The unforeseen outbreak of COVID-19 has resulted in confusion and panic. Businesses are left to make difficult decisions particularly where contractual obligations are concerned.
If you are struggling to meet your contractual obligations then the first place to look is in your contract.
A force majeure clause is a clause which expressly excuses one or both parties from performance of the contract in some way following the occurrence of certain events. The purpose of the clause is to protect parties from events which are outside of their control by excusing them from or suspending the performance of their contractual obligations. It may even provide for the parties to agree the termination of the contract.
It is important to note that force majeure clauses are not implied into contracts and as such you will need to check the exact wording of your contract.
A force majeure clause will usually be drafted either in a list format, specifically stating those events which are included. For example, it may include; “acts of God”, “any action taken by the Government” or “pandemics”. Alternatively, it will be a widely drafted clause which is open for interpretation but it would be important to note that certainty of terms is still required and you need to be certain of your rights under this clause before relying on it.
If a force majeure clause is expressly drafted in your contract then this could mean that you can avoid liability if you are unable to perform your contract as a result of COVID-19. It is important that you seek legal advice if you are uncertain because the burden of proof will be on the affected party to prove that non-performance was due to COVID-19 and also to prove that the clause covers COVID-19.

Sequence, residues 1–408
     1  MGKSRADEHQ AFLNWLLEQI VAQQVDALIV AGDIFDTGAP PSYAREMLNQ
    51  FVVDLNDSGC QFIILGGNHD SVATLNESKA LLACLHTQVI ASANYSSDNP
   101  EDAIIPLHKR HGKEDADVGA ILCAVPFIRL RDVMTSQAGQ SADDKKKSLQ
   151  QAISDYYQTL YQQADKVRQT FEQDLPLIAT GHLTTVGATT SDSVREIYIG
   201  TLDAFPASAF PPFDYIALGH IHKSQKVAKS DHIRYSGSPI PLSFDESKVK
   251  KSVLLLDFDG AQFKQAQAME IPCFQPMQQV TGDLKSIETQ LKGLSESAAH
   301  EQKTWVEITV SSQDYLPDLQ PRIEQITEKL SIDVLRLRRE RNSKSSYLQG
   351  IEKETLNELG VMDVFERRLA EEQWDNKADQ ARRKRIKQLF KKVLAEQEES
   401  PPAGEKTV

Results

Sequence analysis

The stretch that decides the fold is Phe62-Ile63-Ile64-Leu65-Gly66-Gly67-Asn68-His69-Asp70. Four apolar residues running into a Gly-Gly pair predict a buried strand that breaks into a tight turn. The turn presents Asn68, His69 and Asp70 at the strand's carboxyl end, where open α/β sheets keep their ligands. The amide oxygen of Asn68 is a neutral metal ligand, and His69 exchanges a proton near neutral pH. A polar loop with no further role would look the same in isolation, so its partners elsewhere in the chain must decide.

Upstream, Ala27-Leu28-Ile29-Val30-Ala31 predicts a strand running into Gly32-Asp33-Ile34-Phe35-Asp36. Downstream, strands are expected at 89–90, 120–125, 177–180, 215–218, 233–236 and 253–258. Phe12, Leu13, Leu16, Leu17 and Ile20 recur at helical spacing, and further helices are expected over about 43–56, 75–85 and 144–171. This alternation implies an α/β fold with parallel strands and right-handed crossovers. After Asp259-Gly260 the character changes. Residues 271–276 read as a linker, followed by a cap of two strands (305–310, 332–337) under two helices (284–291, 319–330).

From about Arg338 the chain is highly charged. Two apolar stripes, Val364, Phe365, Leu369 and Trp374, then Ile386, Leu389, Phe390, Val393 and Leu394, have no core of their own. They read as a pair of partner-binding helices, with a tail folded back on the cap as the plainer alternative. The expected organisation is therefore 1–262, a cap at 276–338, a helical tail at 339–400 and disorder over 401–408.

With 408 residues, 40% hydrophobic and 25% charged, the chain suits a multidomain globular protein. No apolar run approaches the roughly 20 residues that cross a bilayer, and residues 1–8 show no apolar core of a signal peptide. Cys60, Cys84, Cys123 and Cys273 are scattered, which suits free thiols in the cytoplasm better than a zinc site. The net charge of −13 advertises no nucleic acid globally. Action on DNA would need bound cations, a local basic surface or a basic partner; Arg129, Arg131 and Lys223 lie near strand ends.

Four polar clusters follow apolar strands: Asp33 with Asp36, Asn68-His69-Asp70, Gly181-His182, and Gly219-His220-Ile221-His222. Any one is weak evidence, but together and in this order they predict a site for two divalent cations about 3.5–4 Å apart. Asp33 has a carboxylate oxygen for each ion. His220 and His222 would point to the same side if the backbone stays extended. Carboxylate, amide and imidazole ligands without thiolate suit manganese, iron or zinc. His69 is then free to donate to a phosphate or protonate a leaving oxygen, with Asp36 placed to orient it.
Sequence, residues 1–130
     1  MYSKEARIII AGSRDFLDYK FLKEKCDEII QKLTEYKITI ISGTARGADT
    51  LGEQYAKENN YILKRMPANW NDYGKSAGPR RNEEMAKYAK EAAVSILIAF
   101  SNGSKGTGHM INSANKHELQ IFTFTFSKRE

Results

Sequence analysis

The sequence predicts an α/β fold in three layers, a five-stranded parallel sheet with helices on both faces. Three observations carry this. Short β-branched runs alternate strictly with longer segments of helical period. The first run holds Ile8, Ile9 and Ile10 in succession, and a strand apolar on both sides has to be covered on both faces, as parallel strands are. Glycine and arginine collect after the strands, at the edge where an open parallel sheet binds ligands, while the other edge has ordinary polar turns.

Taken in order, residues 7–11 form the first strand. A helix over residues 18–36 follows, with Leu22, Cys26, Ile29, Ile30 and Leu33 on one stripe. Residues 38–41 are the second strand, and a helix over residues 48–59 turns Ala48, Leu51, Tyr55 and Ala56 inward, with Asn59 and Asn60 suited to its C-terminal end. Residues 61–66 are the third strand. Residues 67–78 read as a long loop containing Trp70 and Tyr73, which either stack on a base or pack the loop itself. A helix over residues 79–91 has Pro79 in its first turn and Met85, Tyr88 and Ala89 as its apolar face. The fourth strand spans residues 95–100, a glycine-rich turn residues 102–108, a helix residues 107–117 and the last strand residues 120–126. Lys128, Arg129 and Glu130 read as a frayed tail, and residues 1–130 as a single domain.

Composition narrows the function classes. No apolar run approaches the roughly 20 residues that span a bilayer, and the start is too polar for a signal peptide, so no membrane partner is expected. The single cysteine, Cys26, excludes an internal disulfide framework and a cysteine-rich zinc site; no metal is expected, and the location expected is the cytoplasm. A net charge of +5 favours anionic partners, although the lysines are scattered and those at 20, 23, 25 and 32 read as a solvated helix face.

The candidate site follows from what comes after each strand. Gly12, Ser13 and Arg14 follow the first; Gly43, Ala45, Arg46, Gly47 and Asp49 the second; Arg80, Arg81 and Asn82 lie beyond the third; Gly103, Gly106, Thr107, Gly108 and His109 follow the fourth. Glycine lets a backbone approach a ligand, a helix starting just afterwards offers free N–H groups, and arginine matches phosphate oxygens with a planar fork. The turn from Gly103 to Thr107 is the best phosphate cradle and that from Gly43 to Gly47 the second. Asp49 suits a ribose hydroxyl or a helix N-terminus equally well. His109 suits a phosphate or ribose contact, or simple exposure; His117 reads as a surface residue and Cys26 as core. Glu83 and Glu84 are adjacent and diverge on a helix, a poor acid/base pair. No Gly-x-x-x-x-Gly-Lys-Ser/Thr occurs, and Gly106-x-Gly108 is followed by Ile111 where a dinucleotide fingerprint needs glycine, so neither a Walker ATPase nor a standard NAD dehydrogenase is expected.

You should also note that you cannot simply walk away as more often than not, force majeure clauses will include notice provisions which you must adhere to.
In the absence of a force majeure clause then you may be able to rely on the doctrine of frustration.
Frustration applies when there are events or changes in circumstances which make it impossible for the parties to perform the contract or otherwise drastically change the contract such that the obligations are now radically different.
If a contract is frustrated then it effectively comes to an end.
In the event of force majeure or frustration you will be expected to use your reasonable endeavours mitigate the effects of the non-performance.
You will need to undertake a business continuity assessment and implement a proportionate plan in response. You should record or document your discussions in regards to alternative ways in which you can try to perform your contract(s). The fact that an alternative option which is available to you is more expensive does not excuse you from using that option if it is reasonable to do so.
Options such as stock-piling key materials or providing early delivery to customers should be considered where possible.